0:41

Okay, and it can start from a cold start, meaning that nobody has an idea about

existence of any other node other than yourself.

Now the good thing about these messages is a.

They're short. How short?

There're basically three fields here, for each message.

Node ID. Who am I?

Destination ID. Which destination are we talking about?

And cost of the mean cost path. Okay, so may be is this A, I am A, I can

get to B with five units of cost, okay that will be one message, and you send

this message to your next door neighbors, okay those that you have e- address link

pointing too, so this is only local interactions of the messages, no need for

broadcast to the rest of the world and finally at the conclusion of this protocol

each node only has a local view. Of the topology.

For example, at the conclusion of the protocol, I ask a particular node A and

1:43

say, Well, you've successfully completed this Bellman-Ford calculation.

Can you please draw me the graph now? Say, Well, nope, I does not, I do not know

the topology, the graph. I only know, if there is a packet for node

B, I will hop forward this to some of my neighbor.

And the minimum cost to get to B is this much.

That's it. I have no idea how my neighbor actually

would carry through the rest of the job. And I don't need to, that's the beauty of

this. That you can even have no one with a low

global bird's eye view of the topology and yet collectively they have accomplished

this routing. Now, compared to routing back when we were

talking about small worlds in the social network.

We want not just a polynomial of the, logrythmic of the size of the network.

An order kind of result. We want a practically very efficient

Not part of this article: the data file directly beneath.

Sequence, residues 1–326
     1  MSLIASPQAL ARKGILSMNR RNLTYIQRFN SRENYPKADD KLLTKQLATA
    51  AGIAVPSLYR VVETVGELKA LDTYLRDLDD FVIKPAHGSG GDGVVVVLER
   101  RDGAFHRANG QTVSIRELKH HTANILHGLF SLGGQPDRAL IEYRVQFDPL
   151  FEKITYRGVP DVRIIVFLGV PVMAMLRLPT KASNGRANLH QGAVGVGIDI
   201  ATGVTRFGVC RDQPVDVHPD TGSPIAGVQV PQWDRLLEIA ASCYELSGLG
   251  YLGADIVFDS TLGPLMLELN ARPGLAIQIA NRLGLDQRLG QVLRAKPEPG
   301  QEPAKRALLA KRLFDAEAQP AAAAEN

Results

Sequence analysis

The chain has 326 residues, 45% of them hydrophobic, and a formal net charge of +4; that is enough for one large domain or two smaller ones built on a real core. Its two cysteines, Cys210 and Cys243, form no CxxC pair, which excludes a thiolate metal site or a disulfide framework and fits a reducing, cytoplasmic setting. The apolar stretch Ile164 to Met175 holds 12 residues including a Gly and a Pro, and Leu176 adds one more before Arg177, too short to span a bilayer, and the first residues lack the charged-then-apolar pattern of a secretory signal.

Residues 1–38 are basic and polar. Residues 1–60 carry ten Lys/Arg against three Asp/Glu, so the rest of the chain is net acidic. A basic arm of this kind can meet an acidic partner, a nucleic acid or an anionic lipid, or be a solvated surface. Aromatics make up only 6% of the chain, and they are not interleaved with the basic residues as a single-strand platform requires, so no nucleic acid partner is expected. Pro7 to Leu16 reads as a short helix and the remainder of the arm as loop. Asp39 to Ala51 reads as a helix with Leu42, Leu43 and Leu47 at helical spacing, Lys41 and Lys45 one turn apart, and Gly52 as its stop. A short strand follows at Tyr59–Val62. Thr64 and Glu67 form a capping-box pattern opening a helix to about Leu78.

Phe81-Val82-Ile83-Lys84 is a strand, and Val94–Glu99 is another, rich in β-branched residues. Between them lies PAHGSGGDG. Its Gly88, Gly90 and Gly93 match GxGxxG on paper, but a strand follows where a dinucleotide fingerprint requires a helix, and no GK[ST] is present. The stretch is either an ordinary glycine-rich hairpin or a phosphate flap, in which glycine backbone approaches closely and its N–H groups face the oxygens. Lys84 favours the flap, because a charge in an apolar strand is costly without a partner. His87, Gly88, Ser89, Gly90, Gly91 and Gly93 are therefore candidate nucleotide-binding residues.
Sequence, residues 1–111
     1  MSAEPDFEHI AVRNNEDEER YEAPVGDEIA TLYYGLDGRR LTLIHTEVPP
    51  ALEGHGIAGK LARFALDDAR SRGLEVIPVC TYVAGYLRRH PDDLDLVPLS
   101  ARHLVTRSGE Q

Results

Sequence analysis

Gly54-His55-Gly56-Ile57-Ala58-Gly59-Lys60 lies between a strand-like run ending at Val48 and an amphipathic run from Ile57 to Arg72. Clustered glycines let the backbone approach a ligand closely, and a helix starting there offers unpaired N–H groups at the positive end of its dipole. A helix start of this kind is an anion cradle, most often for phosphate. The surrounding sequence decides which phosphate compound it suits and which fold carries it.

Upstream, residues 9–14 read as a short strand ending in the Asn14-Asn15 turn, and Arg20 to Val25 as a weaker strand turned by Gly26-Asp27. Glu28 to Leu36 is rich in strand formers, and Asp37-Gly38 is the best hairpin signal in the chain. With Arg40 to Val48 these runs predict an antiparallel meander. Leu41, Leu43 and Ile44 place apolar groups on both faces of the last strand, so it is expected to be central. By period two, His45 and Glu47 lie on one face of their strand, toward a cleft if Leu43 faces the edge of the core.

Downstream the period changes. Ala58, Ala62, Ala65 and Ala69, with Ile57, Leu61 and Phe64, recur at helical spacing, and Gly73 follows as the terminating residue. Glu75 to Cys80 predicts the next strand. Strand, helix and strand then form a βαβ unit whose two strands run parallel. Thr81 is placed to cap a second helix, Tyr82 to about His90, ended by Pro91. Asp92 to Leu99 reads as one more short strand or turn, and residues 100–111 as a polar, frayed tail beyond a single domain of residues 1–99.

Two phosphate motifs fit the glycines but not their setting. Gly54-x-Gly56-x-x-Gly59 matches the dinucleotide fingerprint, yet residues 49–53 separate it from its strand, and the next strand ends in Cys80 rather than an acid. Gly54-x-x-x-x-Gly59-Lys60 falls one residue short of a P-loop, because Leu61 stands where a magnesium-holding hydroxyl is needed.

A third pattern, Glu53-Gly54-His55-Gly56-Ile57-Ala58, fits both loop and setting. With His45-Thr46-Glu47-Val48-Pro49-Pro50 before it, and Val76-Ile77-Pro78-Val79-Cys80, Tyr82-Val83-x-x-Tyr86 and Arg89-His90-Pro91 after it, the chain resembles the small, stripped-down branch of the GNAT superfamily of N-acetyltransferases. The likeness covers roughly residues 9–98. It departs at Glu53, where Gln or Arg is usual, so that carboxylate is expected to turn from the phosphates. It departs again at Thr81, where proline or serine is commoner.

solution. But, the benefits that we can allow these

message passing, okay. Because their message passing is on these

kind of causing, cause path, it's called the distance vector.

3:00

Based intra-domain routing, routing within the same company's network.

Now, in the actual routing table that forwarding will be using, you'll of course

have your ID, the destination and the corresponding min cost path cost.

You also need another information, which is the next hop, let's say, node C.

This is one of your neighbors. You're going to have four fields in the

routing tables. Each row.

And then, when you broadcast out the message, however.

When you send the message only to your local friends however, you only need to

send the first three fields. You don't even need to tell your neighbor,

how you're going to finish the job. That's your business, it's none of their

business. They don't need to know how you do your

part of the job. They just need to know, the cost it takes

for you to get to this destination. So the message pass of three of you each

row of the routing table actually consists of four fuse.

So here's a small example. It's even smaller than before.

Four notes by five links, each link's bidirectional.

The number next to links one, one two three five are the link weights.

4:12

Please do not eyeball the answer. Please do not use a centralized

computation. Instead we'll look at a distributed way to

compute Bellman-Ford. You think probably that this is painfully

slow and kind of stupid, but just bear in mind that A, computers can do this real

fast and B in a practical situation, you cannot afford to eyeball the solution, not

even centrally compute the solution. You have to start with co-start, where

each node does not even know the existence of the other nodes.

So at time zero, at initialization, the routing table is very simple for each

node. Say for Node A,

The four fuse are, I'm node A, I can get to A, with zero cost, of course.

And the next hop is node A. And that's the only row in the routing

table for node A. Similarly, B, B zero B, is the only row in

the routing table for node B. So at the conclusion of 0th iteration the

message you send is just AA0. I may, I can get to A with zero cost and

you will tell that to your neighbors A, B and C.

Similarly B, C, D will send this similar message to their neighbors.

So now at T equals to one, the first iteration.

How can we find out the, the answers? So let's say, not just for destination A,

let's say, for node A, okay? Let's construct the routing table for node

A during the first iteration. Well, for node A to get to node A, I still

write down AA0A, that's clear. What about node destination B?

Alright. So, for A to get to B , it will be the